During the time that The Mascot and I were living in Vancouver, BC, we always got caught up in the excitement of Chinese New Year. To be honest, it was hard not to; with over 30% of Canada‘s Chinese population living in Vancouver and its surrounding cities, the cultural influence was everywhere. The time of year that this was most apparent was at Chinese, or Lunar, New Year. Every year around this time, the stores in our predominantly Asian neighborhood would be full of the traditional foods, decorations and gifts that make this annual celebration so vibrant and special.
One such offering that has always intrigued me are the “lucky” money packets, which are traditionally bestowed upon unmarried recipients to ensure wealth for the coming year. The envelopes, called “Ang Pow”, are always red in colour to symbolize prosperity and ward-off evil. A lovely and very unique example of Ang Pow are these by Qipao (above). Unlike most rectangular packets, these are in the shape of Cheongsam, the traditional fitted Chinese garments. And, it’s not just their eye-catching shape that makes these Ang Pow different; each one-of-a-kind envelope is upcycled from greeting cards that would otherwise be tossed away!
A slightly more traditional (but no less clever) version of Ang Pow are these DIY ones from Katwrite’s shop (above), featuring the image of this year’s Chinese Zodiac Symbol – the Tiger. Kat of Vancouver was inspired by traditional Chinese paper-cut art when she created these intricate cards to enclose your monetary gifts. A gift for the environment, too, they are available as a printable PDF to eliminate extra packaging. (Tip: go green and remember to print your cards on recycled or eco-friendly paper!)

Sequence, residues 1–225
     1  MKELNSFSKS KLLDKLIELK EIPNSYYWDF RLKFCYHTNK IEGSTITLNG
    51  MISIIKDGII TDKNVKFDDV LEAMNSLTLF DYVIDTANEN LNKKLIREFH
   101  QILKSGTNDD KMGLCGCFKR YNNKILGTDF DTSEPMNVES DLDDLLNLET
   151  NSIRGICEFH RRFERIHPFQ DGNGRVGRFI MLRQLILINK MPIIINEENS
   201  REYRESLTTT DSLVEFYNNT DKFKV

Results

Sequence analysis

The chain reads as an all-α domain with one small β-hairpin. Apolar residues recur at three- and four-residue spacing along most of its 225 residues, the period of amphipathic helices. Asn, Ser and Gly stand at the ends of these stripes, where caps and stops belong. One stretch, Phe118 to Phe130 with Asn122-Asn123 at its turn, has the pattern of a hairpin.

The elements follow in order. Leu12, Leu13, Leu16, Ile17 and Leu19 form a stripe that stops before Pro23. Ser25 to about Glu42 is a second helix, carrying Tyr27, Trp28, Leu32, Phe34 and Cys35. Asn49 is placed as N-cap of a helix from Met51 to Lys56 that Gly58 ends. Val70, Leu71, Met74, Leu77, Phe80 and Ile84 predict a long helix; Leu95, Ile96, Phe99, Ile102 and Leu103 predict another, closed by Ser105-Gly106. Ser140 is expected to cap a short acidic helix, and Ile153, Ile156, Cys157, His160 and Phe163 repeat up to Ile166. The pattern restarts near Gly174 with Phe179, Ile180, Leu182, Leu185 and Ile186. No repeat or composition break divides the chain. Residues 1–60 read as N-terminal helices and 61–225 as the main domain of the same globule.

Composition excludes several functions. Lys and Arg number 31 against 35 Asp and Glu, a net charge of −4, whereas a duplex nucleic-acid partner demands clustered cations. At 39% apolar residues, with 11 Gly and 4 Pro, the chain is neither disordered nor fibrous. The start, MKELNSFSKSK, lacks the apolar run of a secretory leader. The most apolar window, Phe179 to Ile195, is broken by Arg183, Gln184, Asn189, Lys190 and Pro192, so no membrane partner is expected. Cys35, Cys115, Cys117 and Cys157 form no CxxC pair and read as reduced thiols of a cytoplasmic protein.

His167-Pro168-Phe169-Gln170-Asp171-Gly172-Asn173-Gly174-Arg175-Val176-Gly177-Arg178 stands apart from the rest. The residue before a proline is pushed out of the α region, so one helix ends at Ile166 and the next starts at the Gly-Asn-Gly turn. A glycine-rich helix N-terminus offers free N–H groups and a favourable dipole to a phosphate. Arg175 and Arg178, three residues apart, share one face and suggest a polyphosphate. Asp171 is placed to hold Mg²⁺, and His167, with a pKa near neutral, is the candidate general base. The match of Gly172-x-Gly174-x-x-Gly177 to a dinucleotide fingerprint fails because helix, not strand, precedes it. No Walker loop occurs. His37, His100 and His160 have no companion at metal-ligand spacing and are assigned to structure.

Another DIY project perfect for Chinese New Year decorations is this stunning set of luminaries by Prudence Octavia. Each luminary is created by layering two unique, hand-cut designs over a heavy vellum sleeve. Don’t be scared-off by the apparent complexity of the project, though; all of the intricate work is done for you. The completed luminary sleeves are flat-packed and carefully wrapped for easy shipping from Hong Kong. Once you receive them, all that is left is to wrap them around a votive candle and fasten with the enclosed adhesive. It’s easier than learning to use chopsticks!
Like I was, Heidi of Burnaby is another British Columbian caught up in the excitement of Chinese New Year. After a recent wander through Vancouver’s colourful Chinatown, she returned home inspired by all of the unusual and exotic items that she saw. What came from that inspiration was this skein of hand-spun and hand-dyed yarn (above), created in honour of the upcoming celebrations. The beautifully varigated vegan yarn, which is available in the Quo Vadis Handspun shop, comes complete with a little Chinese coin for luck.
Finally, I would be remiss if I let you go without a little something sweet at the end of this week’s article. Fortunately, for all of us who ate more than our fair share of dim sum this morning (ahem), this treat won’t go straight to your waistline. Cleverly upcycled from lambswool sweaters and packaged in a hand-stamped “take-out” box, Anne Potter’s felted fortune cookies make a cute gift or decoration all year round. The “cookies” are available for purchase in Anne’s shop and can contain either an assortment of fortunes, or your own custom messages. Stuck for something to say? “Gung hay fat choi!” is the traditional Chinese New Year’s greeting, meaning “may you become prosperous”.